By Carla Monintja
The quote “There’s a light at the end of the tunnel” really inspires me, as it gives me hope that every difficulty I encounter can surely be resolved, as long as I make the effort to overcome it.
This quote was also apt in the situation that KAO Corporation (“KAO”) got itself into in Indonesia. KAO was dealing with several legal actions to defend one of its foremost marks, BIORE. It speaks volumes of a mark when one can just mention it and images of associated products are immediately brought to mind. Such was the power of BIORE, which conjures images of its cleansing preparations (soap, body wash, face wash, makeup remover, etc.). Naturally, KAO fought hard to defend BIORE and eventually win these legal battles.
The case began when KAO found out about the existence of BIORF, a similar mark for similar products. Although the products were not widely marketed throughout Indonesia, this was not a good sign for its business in the Republic. KAO discovered that BIORF had been registered on 7 February 2011 under registration number IDM000292510 in the name of PT. Sintong Abadi (“PT. Sintong”).
KAO decided to file a cancellation lawsuit against BIORF with the Jakarta Commercial Court. KAO argued that the similarity of the two registered marks BIORE and BIORF could potentially mislead the public and BIORE’s customers in particular. This would harm KAO’s business and long-term presence in Indonesia, where the BIORE trademark has been registered since 17 June 1982, and where KAO, as the owner of the BIORE trademark, has invested a lot of money to develop the goodwill of the mark. PT. Sintong stated in their arguments that BIORF is not similar to BIORE as BIORF consists of 2 syllables while BIORE consists of 3 syllables. PT. Sintong also claimed that the word of BIORF is taken from Chinese language and means “towards the freshness”, and generally, that BIORF was not an imitation of BIORE owned by KAO. PT. Sintong’s argument was accepted by the judges and therefore PT. Sintong won the case at the Commercial Court.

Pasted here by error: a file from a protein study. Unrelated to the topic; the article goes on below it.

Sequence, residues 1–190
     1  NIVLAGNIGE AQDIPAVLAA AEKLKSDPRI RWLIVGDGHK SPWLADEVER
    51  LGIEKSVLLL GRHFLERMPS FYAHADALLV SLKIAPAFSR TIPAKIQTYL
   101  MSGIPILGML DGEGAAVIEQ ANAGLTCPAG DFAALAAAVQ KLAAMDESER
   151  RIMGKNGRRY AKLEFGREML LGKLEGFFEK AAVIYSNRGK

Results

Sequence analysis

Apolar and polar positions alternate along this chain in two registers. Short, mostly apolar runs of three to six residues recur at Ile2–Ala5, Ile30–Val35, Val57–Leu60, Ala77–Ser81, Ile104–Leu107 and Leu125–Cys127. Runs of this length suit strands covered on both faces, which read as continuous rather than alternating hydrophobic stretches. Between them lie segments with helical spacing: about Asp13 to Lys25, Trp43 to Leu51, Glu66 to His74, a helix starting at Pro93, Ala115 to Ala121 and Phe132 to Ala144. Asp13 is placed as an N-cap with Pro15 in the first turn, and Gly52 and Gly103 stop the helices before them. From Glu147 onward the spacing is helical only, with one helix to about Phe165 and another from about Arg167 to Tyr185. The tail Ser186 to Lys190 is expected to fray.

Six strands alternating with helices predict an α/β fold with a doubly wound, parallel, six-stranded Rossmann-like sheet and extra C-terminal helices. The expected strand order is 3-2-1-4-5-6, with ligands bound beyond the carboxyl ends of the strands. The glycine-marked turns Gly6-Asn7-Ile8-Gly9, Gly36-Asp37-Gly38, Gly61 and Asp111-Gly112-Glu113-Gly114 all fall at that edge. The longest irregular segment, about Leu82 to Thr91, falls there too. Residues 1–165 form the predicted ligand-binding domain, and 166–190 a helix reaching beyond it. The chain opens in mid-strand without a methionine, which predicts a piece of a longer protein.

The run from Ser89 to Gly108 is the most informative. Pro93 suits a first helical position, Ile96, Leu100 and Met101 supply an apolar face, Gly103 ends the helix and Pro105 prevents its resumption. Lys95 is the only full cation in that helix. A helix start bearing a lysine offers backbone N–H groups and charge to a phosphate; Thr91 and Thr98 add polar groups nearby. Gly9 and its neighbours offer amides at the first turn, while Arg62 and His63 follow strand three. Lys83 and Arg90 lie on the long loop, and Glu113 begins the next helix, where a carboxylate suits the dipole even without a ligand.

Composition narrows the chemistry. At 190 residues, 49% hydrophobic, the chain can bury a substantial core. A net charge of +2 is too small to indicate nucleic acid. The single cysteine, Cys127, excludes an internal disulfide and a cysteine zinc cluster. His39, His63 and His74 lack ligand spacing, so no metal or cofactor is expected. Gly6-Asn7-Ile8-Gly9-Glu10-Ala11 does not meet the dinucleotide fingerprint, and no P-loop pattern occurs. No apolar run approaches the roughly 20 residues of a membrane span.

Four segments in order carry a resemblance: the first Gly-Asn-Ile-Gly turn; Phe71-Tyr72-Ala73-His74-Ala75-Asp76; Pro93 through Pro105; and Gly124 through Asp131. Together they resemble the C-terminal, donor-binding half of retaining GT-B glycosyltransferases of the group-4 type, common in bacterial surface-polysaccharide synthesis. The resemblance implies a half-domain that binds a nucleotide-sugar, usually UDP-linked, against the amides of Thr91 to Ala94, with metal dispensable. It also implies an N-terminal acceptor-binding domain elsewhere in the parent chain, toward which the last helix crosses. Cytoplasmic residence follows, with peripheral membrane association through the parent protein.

KAO, believing that it was right in filing the cancellation lawsuit against BIORF, decided to file for a cassation (appeal) at the Supreme Court. The Supreme Court then re-examined the case and included considerations made by the Commercial Court in deciding the case, along with evidences provided by both parties.
Subsequently, the Supreme Court held that:
- BIORE is categorized as a well-known trademark;
- The BIORF mark has similarity in substance compared to the BIORE mark;
- PT. Sintong filed the BIORF trademark in bad faith;
- The cancellation of the BIORF mark is allowed and PT. Sintong is to discontinue the use of the mark;
- The Trademark Office must obey the Supreme’s Court decision, and enforce the cancellation by deleting the trademark BIORF from the General Register.
It was the light at the end of the tunnel indeed for KAO, following this favourable decision by the Supreme Court.
This case also highlights the effectiveness of the Indonesian Supreme Court, as it continues to take steps to ensure that there is no compromise on the quality of its judges. The Judges in charge at the Supreme Court (known as “Hakim Agung”) are expected to have a good grasp of Intellectual Property Rights (IPR) and are required to pass a fit-and-proper test to affirm their competency. Lately one of the Hakim Agung candidates was rejected due to her lack of knowledge on IPR Law, despite having been a judge for 26 years.
If you would like clarification on the case or advice on any IPR matters in Indonesia, please don’t hesitate to contact us at firstname.lastname@example.org.